The latest research from Fidelity Investments and the National Business Group on Health shows that 84 percent of American companies now include some form of financial security programs for employees as part of their overall wellbeing strategies, up from 76 percent in last year’s survey, Employee Benefit News reports:
The most popular financial security programs are seminars and “lunch-n-learn” programs with 82% of employers expected to offer these this year. Nearly three-fourths also say they will offer access to tools to support key financial decisions including mortgages, wills and income protection. Further, another 71% expect to offer tools and resources to support emergency savings, debt management and budgeting. Student loan counseling or repayment assistance programs are also expected to be offered by roughly a quarter of the employers surveyed.
Physical and emotional wellness also continues to trend upward in program offerings. Currently, 55% of companies offer a “sit-to-stand” ergonomic desk or treadmill workstation, up from 43% last year, the research says. Wearables also remain impactful to these programs, and more employers are tapping into that technology, with 30% saying they will offer subsidies or discounts on wearables this year.
Financial wellbeing benefits can take several different forms, from educational offerings to financial advising, and different cohorts of employees will have different needs in this regard—just as employees’ physical and mental health needs may differ by age, gender, or other factors. That’s why employers should think twice before adopting a one-size-fits-all approach to financial wellness; instead, progressive companies are incorporating these benefits into a holistic wellbeing program built around employees’ needs and measured by how well they meet those needs.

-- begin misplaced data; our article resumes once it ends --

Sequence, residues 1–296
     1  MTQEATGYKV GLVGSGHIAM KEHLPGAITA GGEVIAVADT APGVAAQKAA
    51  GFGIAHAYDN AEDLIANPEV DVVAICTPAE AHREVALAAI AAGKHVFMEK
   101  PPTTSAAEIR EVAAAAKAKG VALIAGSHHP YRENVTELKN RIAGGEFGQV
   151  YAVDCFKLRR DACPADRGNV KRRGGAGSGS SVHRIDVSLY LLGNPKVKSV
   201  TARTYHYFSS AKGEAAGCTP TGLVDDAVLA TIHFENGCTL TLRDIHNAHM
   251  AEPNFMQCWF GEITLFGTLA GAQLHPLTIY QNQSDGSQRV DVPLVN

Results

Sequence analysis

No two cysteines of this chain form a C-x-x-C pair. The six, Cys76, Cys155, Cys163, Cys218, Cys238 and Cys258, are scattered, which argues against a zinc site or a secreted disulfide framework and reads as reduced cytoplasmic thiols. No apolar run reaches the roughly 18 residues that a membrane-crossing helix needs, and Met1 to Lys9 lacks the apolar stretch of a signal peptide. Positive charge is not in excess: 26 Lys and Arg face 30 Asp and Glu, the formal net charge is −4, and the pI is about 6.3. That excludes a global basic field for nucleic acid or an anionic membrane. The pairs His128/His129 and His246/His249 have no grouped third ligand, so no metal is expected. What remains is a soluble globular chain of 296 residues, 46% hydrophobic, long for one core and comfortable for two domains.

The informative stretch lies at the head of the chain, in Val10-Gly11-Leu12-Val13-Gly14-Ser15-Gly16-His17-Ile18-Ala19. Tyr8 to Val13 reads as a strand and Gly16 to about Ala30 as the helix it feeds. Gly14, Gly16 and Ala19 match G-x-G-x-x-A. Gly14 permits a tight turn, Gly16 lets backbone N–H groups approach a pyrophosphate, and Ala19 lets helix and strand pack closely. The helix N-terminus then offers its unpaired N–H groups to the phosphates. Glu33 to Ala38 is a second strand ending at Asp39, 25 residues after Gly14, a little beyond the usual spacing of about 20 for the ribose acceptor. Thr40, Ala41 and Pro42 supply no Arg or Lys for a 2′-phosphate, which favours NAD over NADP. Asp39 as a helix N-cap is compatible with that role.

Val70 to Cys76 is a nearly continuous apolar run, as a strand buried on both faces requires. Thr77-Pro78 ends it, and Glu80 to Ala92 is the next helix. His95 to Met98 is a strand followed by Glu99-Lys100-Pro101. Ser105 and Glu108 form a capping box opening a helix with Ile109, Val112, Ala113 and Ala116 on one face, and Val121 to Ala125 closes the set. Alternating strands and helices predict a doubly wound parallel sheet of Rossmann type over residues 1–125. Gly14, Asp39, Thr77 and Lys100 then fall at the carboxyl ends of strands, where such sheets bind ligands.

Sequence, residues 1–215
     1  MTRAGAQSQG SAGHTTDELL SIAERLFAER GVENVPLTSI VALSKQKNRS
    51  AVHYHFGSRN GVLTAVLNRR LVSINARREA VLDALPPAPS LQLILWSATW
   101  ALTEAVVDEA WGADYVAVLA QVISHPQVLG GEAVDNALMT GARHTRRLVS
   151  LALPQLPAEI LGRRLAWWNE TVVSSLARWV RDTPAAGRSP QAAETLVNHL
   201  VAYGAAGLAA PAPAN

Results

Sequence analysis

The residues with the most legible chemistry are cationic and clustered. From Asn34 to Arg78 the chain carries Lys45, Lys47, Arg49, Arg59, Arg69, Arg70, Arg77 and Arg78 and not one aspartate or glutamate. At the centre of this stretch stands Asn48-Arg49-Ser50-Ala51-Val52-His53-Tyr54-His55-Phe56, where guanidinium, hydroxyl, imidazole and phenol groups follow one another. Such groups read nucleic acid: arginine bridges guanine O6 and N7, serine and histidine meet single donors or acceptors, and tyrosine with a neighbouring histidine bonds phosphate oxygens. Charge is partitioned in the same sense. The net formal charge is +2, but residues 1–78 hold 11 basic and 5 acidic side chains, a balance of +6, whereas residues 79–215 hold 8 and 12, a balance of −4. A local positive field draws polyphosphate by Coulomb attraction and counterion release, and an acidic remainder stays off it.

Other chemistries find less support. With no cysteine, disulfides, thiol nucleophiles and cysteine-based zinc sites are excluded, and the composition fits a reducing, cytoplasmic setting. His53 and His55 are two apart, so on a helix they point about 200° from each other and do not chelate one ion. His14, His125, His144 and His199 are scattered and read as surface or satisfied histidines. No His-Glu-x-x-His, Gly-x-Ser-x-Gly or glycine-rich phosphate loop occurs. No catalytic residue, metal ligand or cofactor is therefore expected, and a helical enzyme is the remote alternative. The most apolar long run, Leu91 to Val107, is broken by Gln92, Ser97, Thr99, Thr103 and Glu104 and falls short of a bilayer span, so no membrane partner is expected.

The increasing interest organizations are taking in their employees’ financial security may be a reflection of the fact that employees themselves are more worried about their financial futures. At the Harvard Business Review, Jonathan Morduch and Rachel Schneider present the findings of their recent analysis of the US Financial Diaries, a project that tracked the day-to-day cash flow of 235 American households for an entire year to get a more detailed picture of the financial health of the typical American family:
Our first big finding was that the households’ incomes were highly unstable, even for those with full-time workers. We counted spikes and dips in earning, defined as months in which a household’s income was either 25% more or 25% less than the average. It turned out that households experienced an average of five months per year with either a spike or dip. In other words, incomes were far from average almost half of the time. Income volatility was more extreme for poorer families, but middle class families felt it too.
This income volatility is the result of broad shifts in the labor market. As employment in the service and retail sectors has grown, and dynamic staffing policies have spread, more workers depend on income from commissions, tips, and hourly work with fluctuating schedules. The unemployment rate has been low (under 5% nationally), but that doesn’t necessarily create stable incomes: Half of the volatility we saw was due to variation in the size of paychecks within the same job.
Other researchers have issued similar warnings about the advent of the gig economy, as more and more people rely on part-time, temporary, and contract work to make a living as opposed to full-time, regular employment. As incomes become more variable and less predictable, employees could face new financial challenges, and that has implications for their employers’ financial well-being programs as well.